A Jaunt to Gib (and Spain)

For the Easter holiday, I was invited to an old family friend’s home in the south of Spain, in a town where I spent my summers as a child and teenager visiting with my family. The surroundings were therefore familiar, but I did something on this trip I’d never done as an adult – properly explored Gibraltar, the English-held colony on the tip of the Iberian peninsula. Normally, we flew into “Gib” and drove across La Linea, the literal line separating the territory from Spain, or otherwise flew into Malaga, bypassing Gibraltar port entirely.

Gibraltarians have their own culture and unique Spanglish dialect, able and inclined to flit seamlessly between the two. It feels like a little island apart from Spain and yet so ingrained in the local life that I came away thinking of it as entirely separate even from the UK. I certainly didn’t feel I was in London after hiking to the top of the Rock of Gibraltar via the switchbacks of the Mediterranean Steps and looking out over the 360-degree view of Gibraltar’s harbor and beyond to Morocco and the rest of the African continent.

 

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The view from the top of the Rock of Gibraltar.

 

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Billy forges ahead on the trail to the top.
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Gib Harbour.

 

Aside from exploring Gib, we also spent some quality time on the long stretches of beach for which the Costa del Sol is famous.

 

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Walking towards the Rock from Sotogrande.

With a larger group of family friends, I attended Semana Santa (Holy Week) processions in the nearby town of San Roque. Though we’d often referenced them, I hadn’t been to see the Semana Santa festivities since I was small, and hadn’t realized quite how much effort both in advance and on the day of goes into the celebration. Parishioners literally shouldered burdens to commemorate Jesus carrying the cross – in this case, those burdens were elaborately constructed floats that barely fit the tiny, hilly streets of San Roque. Carrying the floats is considered an honor and a penance for one’s own sins. It’s taken very seriously by the participants, who vary in age from about 6-7 years old (who don’t carry anything but candles) to teenagers and middle-aged men and women, separated by gender and arranged by height. Many of those who carried the floats appeared to be in significant pain or discomfort but didn’t utter a word of complaint.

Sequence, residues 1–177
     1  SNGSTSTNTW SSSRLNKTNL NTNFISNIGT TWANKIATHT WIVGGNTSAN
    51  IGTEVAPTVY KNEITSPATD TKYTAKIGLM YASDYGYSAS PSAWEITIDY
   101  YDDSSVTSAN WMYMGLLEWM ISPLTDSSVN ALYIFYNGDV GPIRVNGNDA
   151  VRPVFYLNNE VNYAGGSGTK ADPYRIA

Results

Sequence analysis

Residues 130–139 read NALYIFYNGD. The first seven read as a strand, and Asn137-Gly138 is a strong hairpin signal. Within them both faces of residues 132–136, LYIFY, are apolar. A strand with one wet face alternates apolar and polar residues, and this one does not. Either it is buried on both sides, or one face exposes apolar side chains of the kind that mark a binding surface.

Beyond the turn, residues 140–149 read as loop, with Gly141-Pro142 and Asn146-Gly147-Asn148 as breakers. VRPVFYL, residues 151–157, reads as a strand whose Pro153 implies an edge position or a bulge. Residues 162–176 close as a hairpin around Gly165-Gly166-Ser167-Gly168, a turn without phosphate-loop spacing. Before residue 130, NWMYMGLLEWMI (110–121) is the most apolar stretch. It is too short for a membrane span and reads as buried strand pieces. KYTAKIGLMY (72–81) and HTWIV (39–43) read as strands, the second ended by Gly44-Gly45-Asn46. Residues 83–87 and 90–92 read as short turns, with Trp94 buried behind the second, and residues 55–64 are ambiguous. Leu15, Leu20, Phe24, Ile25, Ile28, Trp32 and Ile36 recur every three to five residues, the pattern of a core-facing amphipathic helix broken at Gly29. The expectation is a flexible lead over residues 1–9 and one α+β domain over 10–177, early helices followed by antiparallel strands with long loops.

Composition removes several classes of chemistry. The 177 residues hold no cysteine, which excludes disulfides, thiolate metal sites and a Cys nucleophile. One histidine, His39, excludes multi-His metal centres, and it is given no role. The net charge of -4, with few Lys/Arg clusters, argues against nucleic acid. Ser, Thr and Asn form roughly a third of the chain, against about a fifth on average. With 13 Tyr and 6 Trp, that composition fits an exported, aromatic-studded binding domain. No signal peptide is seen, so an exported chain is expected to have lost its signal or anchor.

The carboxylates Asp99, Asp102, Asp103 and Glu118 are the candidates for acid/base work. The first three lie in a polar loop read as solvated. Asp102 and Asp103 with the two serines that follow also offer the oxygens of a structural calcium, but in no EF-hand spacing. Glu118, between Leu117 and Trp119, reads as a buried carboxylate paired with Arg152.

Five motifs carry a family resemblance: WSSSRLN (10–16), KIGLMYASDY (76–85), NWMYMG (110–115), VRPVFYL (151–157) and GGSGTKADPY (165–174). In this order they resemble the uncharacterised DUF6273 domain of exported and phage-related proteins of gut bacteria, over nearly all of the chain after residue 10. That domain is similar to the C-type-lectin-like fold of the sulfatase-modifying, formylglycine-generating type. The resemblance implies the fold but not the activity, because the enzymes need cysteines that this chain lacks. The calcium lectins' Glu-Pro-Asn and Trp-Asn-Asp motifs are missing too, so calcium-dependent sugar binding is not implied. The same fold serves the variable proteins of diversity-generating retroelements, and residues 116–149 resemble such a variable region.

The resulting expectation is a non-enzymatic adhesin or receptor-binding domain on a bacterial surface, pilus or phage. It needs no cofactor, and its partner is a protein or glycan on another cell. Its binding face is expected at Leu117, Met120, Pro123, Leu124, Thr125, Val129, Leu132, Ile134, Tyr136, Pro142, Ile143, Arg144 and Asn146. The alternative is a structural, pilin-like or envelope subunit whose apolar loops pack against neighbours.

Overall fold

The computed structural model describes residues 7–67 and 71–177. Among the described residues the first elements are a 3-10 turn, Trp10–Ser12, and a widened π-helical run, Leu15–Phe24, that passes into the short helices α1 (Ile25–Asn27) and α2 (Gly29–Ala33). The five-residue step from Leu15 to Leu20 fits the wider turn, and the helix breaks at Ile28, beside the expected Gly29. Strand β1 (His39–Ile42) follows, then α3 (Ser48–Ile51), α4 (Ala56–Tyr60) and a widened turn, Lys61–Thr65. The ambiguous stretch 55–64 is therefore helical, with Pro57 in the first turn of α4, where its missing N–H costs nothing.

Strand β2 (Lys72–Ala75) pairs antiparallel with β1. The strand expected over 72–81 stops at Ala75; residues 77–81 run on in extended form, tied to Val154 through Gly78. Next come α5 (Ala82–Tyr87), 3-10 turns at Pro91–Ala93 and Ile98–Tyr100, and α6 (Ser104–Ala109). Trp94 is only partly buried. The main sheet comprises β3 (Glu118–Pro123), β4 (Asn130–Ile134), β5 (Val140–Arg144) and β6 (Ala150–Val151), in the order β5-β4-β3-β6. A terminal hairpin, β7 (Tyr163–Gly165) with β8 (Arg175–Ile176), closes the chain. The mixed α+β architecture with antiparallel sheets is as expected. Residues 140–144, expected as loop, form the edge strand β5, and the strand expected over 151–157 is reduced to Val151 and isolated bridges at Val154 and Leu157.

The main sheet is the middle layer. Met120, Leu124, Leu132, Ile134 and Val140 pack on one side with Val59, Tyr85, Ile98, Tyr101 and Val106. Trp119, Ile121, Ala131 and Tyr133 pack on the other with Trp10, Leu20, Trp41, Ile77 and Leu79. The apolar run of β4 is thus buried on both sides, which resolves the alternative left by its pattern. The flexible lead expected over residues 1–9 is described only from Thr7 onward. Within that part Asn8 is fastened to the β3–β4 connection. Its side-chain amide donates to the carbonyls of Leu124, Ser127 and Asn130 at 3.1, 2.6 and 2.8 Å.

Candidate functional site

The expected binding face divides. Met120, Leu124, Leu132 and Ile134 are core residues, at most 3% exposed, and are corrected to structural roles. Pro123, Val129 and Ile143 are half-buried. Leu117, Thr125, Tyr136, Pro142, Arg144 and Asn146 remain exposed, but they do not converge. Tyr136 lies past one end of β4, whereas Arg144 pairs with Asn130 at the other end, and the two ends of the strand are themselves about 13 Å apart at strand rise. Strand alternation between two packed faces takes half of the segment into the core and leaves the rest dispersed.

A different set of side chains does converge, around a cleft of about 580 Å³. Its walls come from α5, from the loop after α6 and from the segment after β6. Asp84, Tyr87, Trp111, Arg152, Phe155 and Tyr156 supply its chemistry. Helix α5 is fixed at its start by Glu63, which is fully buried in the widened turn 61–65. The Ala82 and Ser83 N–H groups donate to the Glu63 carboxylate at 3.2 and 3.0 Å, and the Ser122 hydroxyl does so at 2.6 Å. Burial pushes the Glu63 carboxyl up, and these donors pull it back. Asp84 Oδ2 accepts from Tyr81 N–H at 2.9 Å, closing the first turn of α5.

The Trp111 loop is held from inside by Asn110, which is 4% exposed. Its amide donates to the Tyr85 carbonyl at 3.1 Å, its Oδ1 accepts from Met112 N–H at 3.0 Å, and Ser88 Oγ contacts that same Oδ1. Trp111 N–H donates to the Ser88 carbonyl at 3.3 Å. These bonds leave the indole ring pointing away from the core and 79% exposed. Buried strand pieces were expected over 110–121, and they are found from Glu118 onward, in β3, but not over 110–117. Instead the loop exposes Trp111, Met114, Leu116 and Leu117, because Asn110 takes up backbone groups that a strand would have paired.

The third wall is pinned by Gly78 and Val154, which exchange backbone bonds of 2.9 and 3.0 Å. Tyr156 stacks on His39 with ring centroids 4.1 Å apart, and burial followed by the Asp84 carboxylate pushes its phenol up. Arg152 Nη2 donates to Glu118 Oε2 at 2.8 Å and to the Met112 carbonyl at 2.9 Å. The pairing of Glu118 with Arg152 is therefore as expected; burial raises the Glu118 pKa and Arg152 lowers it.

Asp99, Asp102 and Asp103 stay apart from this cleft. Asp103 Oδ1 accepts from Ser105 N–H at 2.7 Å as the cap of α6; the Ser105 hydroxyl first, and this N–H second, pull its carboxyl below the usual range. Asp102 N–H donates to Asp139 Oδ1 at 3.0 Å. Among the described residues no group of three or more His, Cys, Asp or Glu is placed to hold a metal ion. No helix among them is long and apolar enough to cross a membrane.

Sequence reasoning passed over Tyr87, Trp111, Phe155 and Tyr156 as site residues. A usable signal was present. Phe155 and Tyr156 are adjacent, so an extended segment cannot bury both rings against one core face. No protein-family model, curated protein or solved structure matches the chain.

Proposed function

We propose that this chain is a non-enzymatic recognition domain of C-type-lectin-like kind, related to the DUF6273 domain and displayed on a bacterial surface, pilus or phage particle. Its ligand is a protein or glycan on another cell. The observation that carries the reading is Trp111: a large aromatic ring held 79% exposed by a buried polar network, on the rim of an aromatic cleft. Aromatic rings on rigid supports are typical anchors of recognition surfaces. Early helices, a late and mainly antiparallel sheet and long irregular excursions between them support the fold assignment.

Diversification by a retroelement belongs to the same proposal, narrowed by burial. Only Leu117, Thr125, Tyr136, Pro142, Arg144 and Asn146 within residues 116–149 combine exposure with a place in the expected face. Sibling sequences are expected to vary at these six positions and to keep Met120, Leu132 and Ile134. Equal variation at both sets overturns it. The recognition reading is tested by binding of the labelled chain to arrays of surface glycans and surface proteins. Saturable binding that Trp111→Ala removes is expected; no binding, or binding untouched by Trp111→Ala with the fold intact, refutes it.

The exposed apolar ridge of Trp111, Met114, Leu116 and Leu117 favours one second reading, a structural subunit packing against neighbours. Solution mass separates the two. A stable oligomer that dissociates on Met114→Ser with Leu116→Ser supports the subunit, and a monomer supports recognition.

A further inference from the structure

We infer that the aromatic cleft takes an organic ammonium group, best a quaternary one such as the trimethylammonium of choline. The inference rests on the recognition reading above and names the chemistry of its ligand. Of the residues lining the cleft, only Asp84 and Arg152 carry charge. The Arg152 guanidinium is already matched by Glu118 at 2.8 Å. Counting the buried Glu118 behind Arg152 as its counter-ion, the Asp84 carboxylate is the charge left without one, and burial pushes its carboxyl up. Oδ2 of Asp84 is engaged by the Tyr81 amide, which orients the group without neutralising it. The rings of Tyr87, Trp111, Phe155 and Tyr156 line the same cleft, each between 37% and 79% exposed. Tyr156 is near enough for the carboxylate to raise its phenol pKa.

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They took a short break every 20 minutes or so…
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…but then were back to the heavy lifting.
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One of the ornate and heavy floats in the uphill parade.

 

After watching the parade for a while, we settled into some tapas at a nearby restaurant and did some catching up, sharing news and stories over croquettas, tortilla, olives, and Rioja. After snagging some churros from a stand in a nearby park, we called it a night. Those of us that live in London shuffled to Gib airport the next day, feeling reluctant to leave the sunshine and sea air behind. We stood on the airport’s balcony, leaning forward towards The Rock to feel the last rays of sun on our faces before we committed ourselves back to London’s rainy springtime skies. Hasta la proxima, España!

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